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For example: It's rare that a woman, even an independent one, would want to be with a man who is shorter than her. And should he be shorter, he needs to make up for it in other ways (aka bulk) -- although not the big beefy bulk since women are not attracted to those.

The attraction would imply that part of the emotions is more than just mental.

asked Jun 07 '12 at 01:27

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Humbug
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edited Jun 07 '12 at 11:29

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Greg Perkins ♦♦
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Size and strength (at least to some extent) are objective values in a man. Women are physically weaker, in general, so having a strong, tall man around is handy, and gives some measure of security in a threatening situation.

Girls learn this very young, and so it affects whom they are attracted to. Some women may make the mistake of over-emphasizing physical attributes when choosing a mate, but even those who do not overemphasize physical characteristics do not necessarily ignore physical characteristics.

There are, of course other learned values -- perhaps not so important, but learned, nonetheless -- of having a partner who looks "appropriate" for oneself. Having one's partner ridiculed for not being tall enough is something I think many women want to avoid.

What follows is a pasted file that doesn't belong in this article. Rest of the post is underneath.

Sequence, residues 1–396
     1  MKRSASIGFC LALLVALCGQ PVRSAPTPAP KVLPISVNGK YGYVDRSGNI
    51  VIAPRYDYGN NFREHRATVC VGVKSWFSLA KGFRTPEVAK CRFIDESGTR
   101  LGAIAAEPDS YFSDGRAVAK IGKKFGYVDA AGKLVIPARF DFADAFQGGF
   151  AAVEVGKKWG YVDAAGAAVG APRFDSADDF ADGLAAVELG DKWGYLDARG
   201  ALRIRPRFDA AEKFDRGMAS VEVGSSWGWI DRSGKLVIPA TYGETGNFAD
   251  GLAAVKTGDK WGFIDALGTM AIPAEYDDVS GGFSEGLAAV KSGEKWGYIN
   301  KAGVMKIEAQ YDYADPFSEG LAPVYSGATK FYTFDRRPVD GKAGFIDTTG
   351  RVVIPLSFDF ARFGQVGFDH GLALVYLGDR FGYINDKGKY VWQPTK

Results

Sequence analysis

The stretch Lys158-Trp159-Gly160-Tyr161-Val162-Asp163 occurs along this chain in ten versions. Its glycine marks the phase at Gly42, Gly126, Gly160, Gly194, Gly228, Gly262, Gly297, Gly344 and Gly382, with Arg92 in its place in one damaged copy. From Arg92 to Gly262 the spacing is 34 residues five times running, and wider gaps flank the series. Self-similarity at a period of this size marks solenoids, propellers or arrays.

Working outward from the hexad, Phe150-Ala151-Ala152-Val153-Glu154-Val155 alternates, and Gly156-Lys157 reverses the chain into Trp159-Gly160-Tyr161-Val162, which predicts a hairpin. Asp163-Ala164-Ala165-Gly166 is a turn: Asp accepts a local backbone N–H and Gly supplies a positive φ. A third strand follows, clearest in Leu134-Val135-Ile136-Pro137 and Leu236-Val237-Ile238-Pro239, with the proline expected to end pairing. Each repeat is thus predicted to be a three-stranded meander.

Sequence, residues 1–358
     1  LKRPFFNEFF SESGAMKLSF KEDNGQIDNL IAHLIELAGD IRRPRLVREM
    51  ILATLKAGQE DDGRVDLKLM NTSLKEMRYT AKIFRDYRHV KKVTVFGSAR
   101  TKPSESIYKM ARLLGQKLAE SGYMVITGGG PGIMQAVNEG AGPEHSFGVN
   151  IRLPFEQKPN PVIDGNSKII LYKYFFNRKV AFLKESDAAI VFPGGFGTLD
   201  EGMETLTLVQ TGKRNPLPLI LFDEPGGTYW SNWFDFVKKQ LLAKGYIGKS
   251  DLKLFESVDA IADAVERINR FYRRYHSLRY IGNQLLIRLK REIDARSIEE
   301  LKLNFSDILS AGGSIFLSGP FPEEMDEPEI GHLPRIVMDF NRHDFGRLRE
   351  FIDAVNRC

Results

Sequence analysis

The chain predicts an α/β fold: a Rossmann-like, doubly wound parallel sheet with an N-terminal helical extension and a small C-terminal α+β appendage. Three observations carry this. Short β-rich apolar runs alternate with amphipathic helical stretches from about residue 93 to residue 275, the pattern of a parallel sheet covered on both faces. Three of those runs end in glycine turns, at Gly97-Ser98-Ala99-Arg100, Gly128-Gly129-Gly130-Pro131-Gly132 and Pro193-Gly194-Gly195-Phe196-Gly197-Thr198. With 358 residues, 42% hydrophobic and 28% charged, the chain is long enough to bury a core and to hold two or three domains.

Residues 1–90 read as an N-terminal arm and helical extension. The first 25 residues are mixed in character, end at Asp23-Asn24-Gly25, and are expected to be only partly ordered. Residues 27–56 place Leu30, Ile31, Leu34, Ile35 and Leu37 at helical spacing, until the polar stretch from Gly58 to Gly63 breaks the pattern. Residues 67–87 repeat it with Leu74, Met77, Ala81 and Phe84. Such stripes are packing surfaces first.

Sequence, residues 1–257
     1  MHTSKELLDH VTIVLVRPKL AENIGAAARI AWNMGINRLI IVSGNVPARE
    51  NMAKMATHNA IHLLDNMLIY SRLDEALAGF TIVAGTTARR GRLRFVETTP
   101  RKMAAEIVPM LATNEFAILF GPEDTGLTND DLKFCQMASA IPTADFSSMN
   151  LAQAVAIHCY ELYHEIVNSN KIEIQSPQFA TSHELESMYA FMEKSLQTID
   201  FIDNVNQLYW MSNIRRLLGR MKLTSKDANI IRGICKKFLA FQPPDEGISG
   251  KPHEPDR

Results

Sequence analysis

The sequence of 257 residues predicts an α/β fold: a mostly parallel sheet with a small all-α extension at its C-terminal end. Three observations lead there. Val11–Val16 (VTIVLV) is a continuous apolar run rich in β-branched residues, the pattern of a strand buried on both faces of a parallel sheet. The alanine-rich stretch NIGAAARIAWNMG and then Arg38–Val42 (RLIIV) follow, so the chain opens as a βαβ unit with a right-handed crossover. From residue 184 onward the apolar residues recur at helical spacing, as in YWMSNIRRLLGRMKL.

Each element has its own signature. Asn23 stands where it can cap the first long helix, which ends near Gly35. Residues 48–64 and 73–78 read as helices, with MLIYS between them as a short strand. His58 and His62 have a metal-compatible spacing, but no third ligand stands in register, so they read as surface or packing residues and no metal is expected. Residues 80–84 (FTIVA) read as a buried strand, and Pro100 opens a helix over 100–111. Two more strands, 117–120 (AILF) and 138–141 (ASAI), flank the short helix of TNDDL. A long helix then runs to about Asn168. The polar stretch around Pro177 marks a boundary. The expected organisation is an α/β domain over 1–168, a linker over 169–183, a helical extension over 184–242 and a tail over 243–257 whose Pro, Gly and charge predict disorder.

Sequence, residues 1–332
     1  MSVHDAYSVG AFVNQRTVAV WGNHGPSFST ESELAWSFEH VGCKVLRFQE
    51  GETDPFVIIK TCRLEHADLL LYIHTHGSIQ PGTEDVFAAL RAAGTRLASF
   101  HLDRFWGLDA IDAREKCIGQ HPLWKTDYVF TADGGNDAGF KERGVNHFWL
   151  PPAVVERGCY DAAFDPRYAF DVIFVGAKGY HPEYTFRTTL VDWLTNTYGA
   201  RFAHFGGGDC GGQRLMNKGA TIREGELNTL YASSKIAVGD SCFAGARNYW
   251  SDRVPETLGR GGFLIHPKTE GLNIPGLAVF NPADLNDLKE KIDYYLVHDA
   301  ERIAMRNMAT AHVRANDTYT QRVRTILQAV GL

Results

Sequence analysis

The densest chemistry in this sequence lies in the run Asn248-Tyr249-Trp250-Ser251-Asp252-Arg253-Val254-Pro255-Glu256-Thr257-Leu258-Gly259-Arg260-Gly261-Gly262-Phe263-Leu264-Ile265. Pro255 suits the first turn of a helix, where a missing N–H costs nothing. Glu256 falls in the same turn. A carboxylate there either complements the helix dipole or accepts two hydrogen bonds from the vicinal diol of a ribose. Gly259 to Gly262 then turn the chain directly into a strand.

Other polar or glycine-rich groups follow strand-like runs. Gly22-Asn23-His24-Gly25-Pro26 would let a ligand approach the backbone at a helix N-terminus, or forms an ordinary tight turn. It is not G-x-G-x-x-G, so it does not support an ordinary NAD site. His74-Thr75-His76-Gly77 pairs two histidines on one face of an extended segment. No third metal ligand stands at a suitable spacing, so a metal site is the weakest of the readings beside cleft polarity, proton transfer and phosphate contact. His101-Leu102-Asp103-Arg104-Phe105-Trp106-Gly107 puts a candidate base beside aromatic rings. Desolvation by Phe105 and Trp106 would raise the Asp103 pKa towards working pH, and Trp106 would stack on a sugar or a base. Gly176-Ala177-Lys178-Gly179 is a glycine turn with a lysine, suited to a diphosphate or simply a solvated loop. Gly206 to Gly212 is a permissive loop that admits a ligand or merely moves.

All this is learned, so there's no contradiction here to the claim that man is born tabula rasa.

answered Jun 07 '12 at 07:58

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John Paquette ♦
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edited Jun 07 '12 at 08:02

Does tabula rasa contradict genetic likes and dislikes? Babies inherently like sugar and hate bitter tastes. This has been proved scientifically. I don't think they are evaluating their emotional response to sweet liquids via an objective and logical process. There are many other examples of things that humans come packaged with from birth.

(Jun 07 '12 at 09:00) Danneskjold_repo Danneskjold_repo's gravatar image
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The preference for sweet over bitter is biological and sensory/perceptual, not conceptual. It's not an issue of knowledge. Sweet, biologically, causes pleasure. Bitter, biologically, does not. "Tabula rasa" refers to conceptual knowledge, not biological facts about human sensation/perception.

That which we do not learn is not knowledge. "Tabula rasa" regards ideas and knowledge. It says "Man has no innate ideas." Preference for sweet is not caused by an idea. Preference for sacrifice is.

(Jun 07 '12 at 09:31) John Paquette ♦ John%20Paquette's gravatar image

Of interest here would be preference for pretty faces versus ugly faces. I'd argue that this is also a case of how our perception is biologically wired, and therefore is not a case of knowledge or learning.

(Jun 07 '12 at 10:22) John Paquette ♦ John%20Paquette's gravatar image

Moreover, the fact that we can acquire a taste for bitter foods would seem to fall right in the intersection between "innate" and learned taste.

(Jun 07 '12 at 16:40) FCH FCH's gravatar image
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Asked: Jun 07 '12 at 01:27

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Last updated: Jun 07 '12 at 16:40